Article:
“We have really moved the ball as far as what we can do for our clients in sports,” said Bill Koenigsberg, Horizon founder, president and CEO. “From analytics to integration and expertise across sports, we’re just a lot deeper. And when you have your hand in $400 million in sports [sponsorships and media] annually, that should be an offering because we have that great vantage point. Now we do, and revenues have grown because of it.”

    Terry Lefton can be reached at tlefton@sportsbusinessjournal.com.

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  • Top Rank signs AT&T as sponsor

    Boxing promoter Top Rank will add AT&T to its sponsorship roster next year, expanding the presence of a brand that in recent years has affixed its name to many of Top Rank’s bigger fights, but never as a committed package.

    AT&T has sponsored individual Top Rank events, such as Pacquiao-Mosley in Las Vegas.
    Photo by: GETTY IMAGES
    The six-month deal, which the promoter hopes to extend through 2012, is built around the sort of marquee Top Rank events that AT&T bought in recent years, such as Manny Pacquiao’s bouts in Las Vegas against Shane Mosley and Juan Manuel Marquez, and Miguel Cotto’s fights against Antonio Margarito at Madison Square Garden and Yuri Foreman at Yankee Stadium. AT&T gets sponsor rights to Pacquiao’s projected “Super Fight” pay-per-view in May — potentially against Floyd Mayweather — plus two to three premium cable fights leading up to it, which the brand need not select until two weeks before each fight.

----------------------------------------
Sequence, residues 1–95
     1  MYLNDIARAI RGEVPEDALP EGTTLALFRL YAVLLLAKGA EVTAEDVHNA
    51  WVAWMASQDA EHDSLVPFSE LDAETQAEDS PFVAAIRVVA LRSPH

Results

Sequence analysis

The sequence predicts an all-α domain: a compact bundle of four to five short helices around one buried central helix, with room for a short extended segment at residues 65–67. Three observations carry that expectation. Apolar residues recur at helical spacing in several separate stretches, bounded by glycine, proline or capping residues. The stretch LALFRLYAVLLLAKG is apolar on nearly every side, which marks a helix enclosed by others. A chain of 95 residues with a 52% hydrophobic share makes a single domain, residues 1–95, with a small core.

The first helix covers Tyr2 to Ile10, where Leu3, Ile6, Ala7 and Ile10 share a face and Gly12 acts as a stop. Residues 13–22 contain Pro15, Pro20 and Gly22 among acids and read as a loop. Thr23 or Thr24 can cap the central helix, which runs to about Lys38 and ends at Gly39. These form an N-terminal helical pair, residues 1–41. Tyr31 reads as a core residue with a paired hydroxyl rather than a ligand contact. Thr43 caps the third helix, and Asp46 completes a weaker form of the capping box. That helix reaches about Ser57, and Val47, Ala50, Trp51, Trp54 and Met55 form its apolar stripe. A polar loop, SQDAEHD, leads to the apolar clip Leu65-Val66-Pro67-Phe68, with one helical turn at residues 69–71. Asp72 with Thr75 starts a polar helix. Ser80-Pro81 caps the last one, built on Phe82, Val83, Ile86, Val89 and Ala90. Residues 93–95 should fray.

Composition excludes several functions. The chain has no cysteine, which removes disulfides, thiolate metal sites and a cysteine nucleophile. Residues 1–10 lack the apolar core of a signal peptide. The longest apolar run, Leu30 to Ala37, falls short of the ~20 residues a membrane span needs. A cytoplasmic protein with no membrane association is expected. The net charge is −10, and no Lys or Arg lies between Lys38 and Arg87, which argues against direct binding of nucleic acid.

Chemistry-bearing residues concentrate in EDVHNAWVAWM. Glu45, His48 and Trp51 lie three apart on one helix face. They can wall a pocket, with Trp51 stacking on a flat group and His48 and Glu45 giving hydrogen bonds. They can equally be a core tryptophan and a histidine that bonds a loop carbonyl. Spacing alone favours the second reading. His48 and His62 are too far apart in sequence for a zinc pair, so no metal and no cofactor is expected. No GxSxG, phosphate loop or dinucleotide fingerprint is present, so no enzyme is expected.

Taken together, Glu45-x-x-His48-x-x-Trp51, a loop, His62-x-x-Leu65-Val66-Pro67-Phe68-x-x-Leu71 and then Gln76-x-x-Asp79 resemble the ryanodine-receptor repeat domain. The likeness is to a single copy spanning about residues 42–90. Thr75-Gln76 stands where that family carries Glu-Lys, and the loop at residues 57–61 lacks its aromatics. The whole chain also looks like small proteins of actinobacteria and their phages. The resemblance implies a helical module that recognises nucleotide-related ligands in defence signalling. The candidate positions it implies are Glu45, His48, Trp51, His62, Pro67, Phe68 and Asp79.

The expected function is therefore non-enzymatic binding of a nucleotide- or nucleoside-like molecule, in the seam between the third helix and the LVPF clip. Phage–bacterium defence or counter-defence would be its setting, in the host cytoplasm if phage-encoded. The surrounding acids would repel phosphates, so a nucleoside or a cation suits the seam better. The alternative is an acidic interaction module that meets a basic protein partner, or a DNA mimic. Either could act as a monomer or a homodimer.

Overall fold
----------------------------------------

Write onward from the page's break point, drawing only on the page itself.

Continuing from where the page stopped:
Top Rank and AT&T agreed on 10 fighters whose bouts would be acceptable: Pacquiao, Miguel Cotto, Nonito Donaire, Brandon Rios, Julio Cesar Chavez Jr., Yuriorkis Gamboa, Timothy Bradley, Mike Jones, Juan Manuel Lopez and Guillermo Rigondeaux.

    Sponsorship includes logo placement on the ring mat and, when applicable, in the broadcast, as well as arena and local activation rights, to use video and images in advertising and promotional materials and fight tickets.

    Top Rank would not disclose financial terms of the deal. The promoter has shopped similar packages for about $1 million in previous years. Pacquiao’s profile and associated value to sponsors has increased markedly in the last year.

    “Because we have this scheduling issue in boxing, where we don’t know who will fight when, it’s important that we be creative in the way we structure these deals,” said Lucia McKelvey, executive vice president of business development and marketing at Top Rank. “They’re flexible enough to pick out fights that are interesting to them and then run with them. They can pick their spots, and yet they’ll have the continuity that will make what they already were doing more effective.”

    AT&T will use the sponsorship, struck through its multicultural marketing group, primarily to promote its wireless products to Hispanics. It also will promote its U-verse digital service. Unlike AT&T’s deal with Golden Boy Promotions, the package does not include exclusive live content for U-verse.